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The Narrative of the whole Scipture is about Jesus Christ

Greetings All,
  This weeks "thought" comes from Robert E. Webber in one of the last books he wrote before passing away in 2007 -- his book "Ancient-Future Worship."   In the book he considers how we can learn to reach our postmodern culture by taking clues from theearly church fathers.  His words are good food for thought.  I offer them to you for your consideration.  Enjoy.  
       "The modern way of reading and preaching the Scriptures has become problematic.   We moderns have stood over theNew Testament texts with our historical, literary, and linguistic tools, picking away the brush to uncover the one single meaning the author intended to convey...  
        The more experiential and postmodern approach to texts called 'reader-response theory'... disregards the author's intent and argues the meaning of the text is the meaning the reader takes away from it.  This highly subjective approach to reading is the other side of the pendulum to the modern problem of privileging reason and science.  If a text means whatever a reader thinks it means, it has no real meaning.
        So here we are in a postmodern world, stuck between two dead ends.  Is there a pathway out of the road that will lead us away from extreme objectivism on the one hand, and from extreme subjectivism on the other hand?  There is...  
       Most of us have been shaped by a Greek mind-set.  Like the Greeks, we are given to intellectual analysis.  We want to categorize an systematize everything in life...   We want order, and we want to understand life and control it.  We bring this mind-set to the Bible and insist on controlling how it is to be interpreted.  We stand over the Bible and become the judge of its truthfulness.  We must remember the roots of Christianity are Hebrew, not Greek.  Jesus was a Jew.  So were his disciples...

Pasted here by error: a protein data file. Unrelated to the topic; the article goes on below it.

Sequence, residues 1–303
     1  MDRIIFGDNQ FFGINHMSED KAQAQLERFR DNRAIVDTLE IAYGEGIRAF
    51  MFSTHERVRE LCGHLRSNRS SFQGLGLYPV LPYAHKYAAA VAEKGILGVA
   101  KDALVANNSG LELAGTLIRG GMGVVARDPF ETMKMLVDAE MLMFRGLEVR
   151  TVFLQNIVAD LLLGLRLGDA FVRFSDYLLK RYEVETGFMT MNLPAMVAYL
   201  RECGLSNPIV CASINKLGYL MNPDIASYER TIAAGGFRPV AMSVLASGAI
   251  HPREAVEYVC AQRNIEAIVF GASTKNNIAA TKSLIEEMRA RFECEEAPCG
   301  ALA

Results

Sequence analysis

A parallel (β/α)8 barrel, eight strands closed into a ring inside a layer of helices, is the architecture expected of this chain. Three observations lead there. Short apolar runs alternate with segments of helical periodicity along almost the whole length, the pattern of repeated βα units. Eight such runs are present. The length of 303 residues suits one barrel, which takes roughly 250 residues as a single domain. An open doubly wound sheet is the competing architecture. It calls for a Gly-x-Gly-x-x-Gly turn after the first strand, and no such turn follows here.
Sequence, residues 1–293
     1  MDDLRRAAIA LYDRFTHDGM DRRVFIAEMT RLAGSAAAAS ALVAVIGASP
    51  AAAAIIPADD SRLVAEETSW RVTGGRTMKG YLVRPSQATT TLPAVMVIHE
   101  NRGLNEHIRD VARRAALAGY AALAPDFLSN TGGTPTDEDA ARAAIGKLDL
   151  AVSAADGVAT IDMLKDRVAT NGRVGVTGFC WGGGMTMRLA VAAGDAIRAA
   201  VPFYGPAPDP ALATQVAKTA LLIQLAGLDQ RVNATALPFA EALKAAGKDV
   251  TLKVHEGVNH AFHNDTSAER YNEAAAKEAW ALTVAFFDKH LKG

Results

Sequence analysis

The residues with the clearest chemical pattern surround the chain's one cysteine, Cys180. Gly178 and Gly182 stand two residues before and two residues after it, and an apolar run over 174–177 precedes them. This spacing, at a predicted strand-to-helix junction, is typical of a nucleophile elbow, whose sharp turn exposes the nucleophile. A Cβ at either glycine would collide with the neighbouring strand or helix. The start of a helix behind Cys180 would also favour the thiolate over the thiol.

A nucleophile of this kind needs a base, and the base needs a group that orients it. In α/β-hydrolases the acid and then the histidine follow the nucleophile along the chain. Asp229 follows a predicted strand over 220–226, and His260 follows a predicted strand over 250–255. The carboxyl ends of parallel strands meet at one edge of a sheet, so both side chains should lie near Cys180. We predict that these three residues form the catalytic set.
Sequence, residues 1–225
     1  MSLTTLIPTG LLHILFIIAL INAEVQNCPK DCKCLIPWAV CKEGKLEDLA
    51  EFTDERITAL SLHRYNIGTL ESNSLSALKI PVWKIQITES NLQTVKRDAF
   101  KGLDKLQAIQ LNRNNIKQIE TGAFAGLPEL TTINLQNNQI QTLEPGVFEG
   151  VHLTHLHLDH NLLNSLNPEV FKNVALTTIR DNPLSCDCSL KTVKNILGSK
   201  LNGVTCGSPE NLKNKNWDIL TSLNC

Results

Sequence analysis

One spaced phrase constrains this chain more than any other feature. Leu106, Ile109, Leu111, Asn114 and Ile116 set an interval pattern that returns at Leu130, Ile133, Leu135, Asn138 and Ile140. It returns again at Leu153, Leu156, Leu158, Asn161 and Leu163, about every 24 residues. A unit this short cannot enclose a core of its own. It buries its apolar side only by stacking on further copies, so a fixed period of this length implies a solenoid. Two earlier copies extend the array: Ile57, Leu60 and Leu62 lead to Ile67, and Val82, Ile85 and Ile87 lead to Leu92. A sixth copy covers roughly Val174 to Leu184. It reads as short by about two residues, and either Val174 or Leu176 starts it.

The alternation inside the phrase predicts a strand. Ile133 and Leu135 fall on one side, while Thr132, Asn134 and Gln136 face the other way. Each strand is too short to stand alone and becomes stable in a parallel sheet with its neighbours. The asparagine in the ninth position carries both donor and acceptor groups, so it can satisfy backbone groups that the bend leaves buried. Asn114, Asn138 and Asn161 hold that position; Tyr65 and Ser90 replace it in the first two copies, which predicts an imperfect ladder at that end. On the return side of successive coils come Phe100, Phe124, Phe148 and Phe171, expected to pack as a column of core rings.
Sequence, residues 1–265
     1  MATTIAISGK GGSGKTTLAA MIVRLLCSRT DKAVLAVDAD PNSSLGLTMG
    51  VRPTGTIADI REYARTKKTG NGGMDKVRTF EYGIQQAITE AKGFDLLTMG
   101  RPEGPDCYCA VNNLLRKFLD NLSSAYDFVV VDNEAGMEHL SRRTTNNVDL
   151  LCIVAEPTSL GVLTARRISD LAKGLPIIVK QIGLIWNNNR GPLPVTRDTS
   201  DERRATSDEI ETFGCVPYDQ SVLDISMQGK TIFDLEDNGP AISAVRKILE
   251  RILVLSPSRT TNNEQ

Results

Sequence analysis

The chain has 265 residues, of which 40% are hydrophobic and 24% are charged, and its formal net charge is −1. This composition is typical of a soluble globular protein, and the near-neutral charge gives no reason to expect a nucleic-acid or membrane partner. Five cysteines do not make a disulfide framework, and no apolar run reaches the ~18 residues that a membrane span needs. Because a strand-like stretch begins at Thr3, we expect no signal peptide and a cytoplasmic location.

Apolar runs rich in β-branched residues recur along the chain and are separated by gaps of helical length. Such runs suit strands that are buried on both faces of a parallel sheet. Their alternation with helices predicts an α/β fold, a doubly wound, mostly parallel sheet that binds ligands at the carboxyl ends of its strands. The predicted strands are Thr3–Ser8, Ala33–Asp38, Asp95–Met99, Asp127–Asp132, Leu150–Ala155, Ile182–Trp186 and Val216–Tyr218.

Sometimes the culture into which Christianity has become contextualized reshapes and even distorts the Christian message.  The Bible then gets read through that culture.  That's what has happened in America and throughout the Western world.  We corrupt the Bible when we turn it into a manifesto for the American way of life, for individualism, for consumerism, for political clout. 
       If we are going to stand within and under the Bible as the ancients did, we must turn our backs on the Greek insistence on intellectualizing, categorizing, and controlling the Bible.  We must begin to read the Bible holistically, relationally and passionately....
       In the Greek mind-set, which I reject, prayer and a relationship to God constitute the 'sacred' part of life, separate from work, fun, marriage, or relationships, which constitute the 'secular' part of life.  This approach sets aside moments to 'get alone with God.'  
 However, the ancient, biblical mindset sees the whole day and indeed all of life -- work, fun, marriage and relationships -- as the realm of the sacred.  God is everywhere, at all places, in all times.   There is no escaping the presence of God, for God's Spirit is the one who gives life to all of life.  This holistic mind-set takes history seriously and sees God
 involved in all history from beginning to end... God is not an absent, ethereal essence who sits in the sky and demands worship.  God is the God who acts, who lives and moves and has has being in the world and among the people. 
       Affirm that God is disclosed in every detail of human existence.  Then, stand inside the Bible and God's story and let it teach you to look out into the creation where God is signified everywhere, yet particularized in Jesus, the ultimate icon of God.  [The narrative of the whole Scripture is about Jesus Christ (Luke 24:27).  We find Him everywhere and in everything.  To find Christ in all of Scripture is a very old, yet a very new way to read the Bible.]"
           There is much truth in what he says.  So maybe you could do a short exercise to move in the direction he speaks about.  Pretend all you had was an Old Testament (like the Apostle Paul).  Then try using it alone (like Paul) and "explain and prove that Jesus was the Christ." (Acts 17:2-3)     Begin "with Moses and all the Prophets, and explain what was said in all the (Old Testament) Scriptures about Him."  (Luke 24:27). 
           Until you've tried, you haven't put yourself in the place of the early disciples and apostles, nor read the Bible holistically, or understood that "the narrative of the whole of Scripture is about Jesus Christ." 
Give it a try.  It's fun!  In Him, Pastor Jeff
Dr. Jeffrey F. Evans